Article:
Lactuca sativa L.
Lactuca is from the Latin lac or lactis meaning milk and refers to the milky sap.
Sativa is Latin for sown or planted referring to it as the cultivated form.
A salad vegetable widely cultivated for its compact crisp head of leaves.
Leaves:Form a compact globular head.
Stem leaves -
Stems:Flower stem -
Annual. Seed is sown at any time of year. Heads are harvested 6-12 weeks after planting.
Physiology:Sensitive to frost. Sensitive to high temperatures. Seed stalks form when temperatures are 20-270C
Flowering times:Seed Biology and Germination:
Population Dynamics and Dispersal:
Spread mainly by intentional planting of seed or seedlings.
Origin and History:Distribution:
ACT, NSW, NT, QLD, SA, TAS, VIC, WA.
Cool temperate. Prefers temperatures between 10 and 200C. Cool nights required for good quality. High temperatures lead to bitterness.
Soil:Well drained with a pH of 6-6.5.
Not recorded as toxic.
Management and Control:Thresholds:
Sensitive to Necrotic Yellows virus which is spread by aphids from Sowthistle to the crop. Lettuce is also affected by a seed borne mosaic virus.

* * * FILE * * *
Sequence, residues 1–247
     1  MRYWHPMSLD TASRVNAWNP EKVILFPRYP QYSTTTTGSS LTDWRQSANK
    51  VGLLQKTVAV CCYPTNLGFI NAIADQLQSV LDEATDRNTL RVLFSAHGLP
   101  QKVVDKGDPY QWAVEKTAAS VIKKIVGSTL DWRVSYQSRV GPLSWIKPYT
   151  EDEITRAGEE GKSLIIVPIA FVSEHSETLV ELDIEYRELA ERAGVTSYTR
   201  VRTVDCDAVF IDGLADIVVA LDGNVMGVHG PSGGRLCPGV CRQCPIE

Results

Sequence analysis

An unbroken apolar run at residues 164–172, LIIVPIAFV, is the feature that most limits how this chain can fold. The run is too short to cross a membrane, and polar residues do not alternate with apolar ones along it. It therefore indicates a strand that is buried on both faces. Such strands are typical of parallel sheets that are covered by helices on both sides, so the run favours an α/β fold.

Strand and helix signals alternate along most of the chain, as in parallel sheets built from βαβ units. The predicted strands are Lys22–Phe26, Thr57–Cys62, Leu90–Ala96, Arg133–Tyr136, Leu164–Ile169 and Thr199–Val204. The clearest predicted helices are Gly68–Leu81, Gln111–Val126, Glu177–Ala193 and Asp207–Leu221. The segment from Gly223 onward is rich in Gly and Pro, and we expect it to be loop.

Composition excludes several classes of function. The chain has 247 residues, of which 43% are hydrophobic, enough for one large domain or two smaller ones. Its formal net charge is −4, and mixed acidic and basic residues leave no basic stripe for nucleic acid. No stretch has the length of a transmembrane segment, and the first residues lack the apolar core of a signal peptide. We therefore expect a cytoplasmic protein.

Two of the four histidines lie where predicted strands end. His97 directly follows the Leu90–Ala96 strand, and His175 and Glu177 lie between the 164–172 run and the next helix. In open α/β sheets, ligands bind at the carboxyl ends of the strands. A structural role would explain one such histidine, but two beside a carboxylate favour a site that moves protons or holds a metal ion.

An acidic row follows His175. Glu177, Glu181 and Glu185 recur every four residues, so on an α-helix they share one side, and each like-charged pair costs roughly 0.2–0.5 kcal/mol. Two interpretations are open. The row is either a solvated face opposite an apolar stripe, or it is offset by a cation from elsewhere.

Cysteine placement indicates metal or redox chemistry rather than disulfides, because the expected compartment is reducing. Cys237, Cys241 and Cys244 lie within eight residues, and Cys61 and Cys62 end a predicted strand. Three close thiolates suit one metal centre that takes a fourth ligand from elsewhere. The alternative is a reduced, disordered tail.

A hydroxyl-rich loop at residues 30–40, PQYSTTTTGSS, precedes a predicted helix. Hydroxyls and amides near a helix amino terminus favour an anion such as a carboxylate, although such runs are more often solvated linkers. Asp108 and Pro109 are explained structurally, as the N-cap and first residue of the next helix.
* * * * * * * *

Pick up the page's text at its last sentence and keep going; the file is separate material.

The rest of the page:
Important diseases include Downy Mildew, Grey Mould Rot, Sclerotinia Rot and anthracnose.
Pests include Aphids, Light Brown Apple Moth and Rutherglen Bug.
Related plants:Prickly Lettuce (Lactuca serriola) is probably the wild parent of Lettuce.
Wild Lettuce (Lactuca saligna) has narrower lobes and no spines on the stem leaves.
Plants of similar appearance:References:
Lazarides, M. and Hince, B. (1993). CSIRO handbook of economic plants of Australia. (CSIRO, Melbourne).
Reid, R.L. (1990) The Manual of Australian Agriculture. (Butterworths, Sydney). P145, 341.
Collated by HerbiGuide. Phone 08 98444064 or www.herbiguide.com.au for more information.